But most of all, Black people are tired. We have been fighting for a long time. And we still have what feels like forever to go. We have to fight more than police brutality. We have to fight mass incarceration, food desserts, gentrification, micro-aggressions, economic disparities, and a plethora of other things. Sometimes it can feel as though we are stretched so thin that we can’t possibly have room to fight for others too.
Black Justice is Inclusive
It’s normal and even healthy to have those moments. But one of the things that sets the African American community apart is that no matter how hard we fight, or how tired we get, we always find a way to restore our hope. We step up to the plate again and again. We never give up. And the fight we have in us as a people is not just for us. We fight for anyone who is silenced, forgotten, or unheard. Regardless of the color of their skin or gender or religion. We fight, even when we’re not sure others would fight for us.
We, the African American community, understand this pain, maybe more than any other group. We know what it is like to be hated for something we cannot control. We experience prejudice because of our skin color, facial features, and body types. We die on a daily basis, simply because we are Black. But the world is not just Black and White. We are not the only group of people that deal with racism on a daily basis. We are not the only community that is targeted, even when we’re in a place where we should feel safe and at ease.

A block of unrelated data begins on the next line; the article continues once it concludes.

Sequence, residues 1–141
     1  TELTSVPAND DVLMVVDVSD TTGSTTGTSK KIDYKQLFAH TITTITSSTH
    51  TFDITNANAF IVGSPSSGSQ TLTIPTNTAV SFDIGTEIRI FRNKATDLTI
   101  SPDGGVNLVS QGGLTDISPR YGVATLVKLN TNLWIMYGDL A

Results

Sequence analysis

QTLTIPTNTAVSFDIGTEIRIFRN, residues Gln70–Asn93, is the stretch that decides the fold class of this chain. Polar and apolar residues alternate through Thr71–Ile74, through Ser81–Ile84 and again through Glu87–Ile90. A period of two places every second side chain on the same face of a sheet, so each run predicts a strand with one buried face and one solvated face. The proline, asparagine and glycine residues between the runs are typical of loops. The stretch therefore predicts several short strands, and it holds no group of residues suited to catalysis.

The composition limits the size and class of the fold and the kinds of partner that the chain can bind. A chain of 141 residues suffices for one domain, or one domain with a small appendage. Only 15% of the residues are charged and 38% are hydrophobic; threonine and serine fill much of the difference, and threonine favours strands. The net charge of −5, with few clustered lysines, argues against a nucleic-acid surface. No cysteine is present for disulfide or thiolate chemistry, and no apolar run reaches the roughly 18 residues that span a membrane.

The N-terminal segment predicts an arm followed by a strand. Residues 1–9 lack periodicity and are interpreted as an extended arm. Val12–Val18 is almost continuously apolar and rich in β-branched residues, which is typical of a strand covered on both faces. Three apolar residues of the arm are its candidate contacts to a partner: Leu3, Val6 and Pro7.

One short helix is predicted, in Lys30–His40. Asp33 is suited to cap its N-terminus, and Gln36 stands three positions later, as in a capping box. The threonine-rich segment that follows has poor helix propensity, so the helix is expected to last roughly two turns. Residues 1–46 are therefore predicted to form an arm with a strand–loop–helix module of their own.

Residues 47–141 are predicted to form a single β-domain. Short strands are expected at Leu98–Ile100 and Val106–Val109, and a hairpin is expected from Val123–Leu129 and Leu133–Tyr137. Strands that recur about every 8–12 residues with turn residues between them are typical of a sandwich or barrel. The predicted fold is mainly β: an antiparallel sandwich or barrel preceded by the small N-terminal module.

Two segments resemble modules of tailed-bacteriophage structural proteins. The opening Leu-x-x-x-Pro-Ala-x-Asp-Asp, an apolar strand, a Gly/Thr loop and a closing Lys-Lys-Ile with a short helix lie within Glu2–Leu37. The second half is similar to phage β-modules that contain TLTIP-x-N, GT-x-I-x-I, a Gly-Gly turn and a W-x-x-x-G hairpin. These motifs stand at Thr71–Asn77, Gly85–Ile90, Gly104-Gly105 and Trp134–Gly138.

One of the beautiful things about the Black community is that even with everything we have been through, from slavery to mass incarceration, we still have room in our hearts to empathize with others. Even through our generational trauma, and the several other disadvantages we face, we have historically put our own problems aside to help others in similar situations. We are empathetic people. We know what this feels like. We are all too familiar with the devastation of seeing bodies that look like us in the streets. We understand the horror that comes with realizing it could’ve been us. And we don’t wish that on anyone. So we fight for everyone.
Black Power for Yellow Peril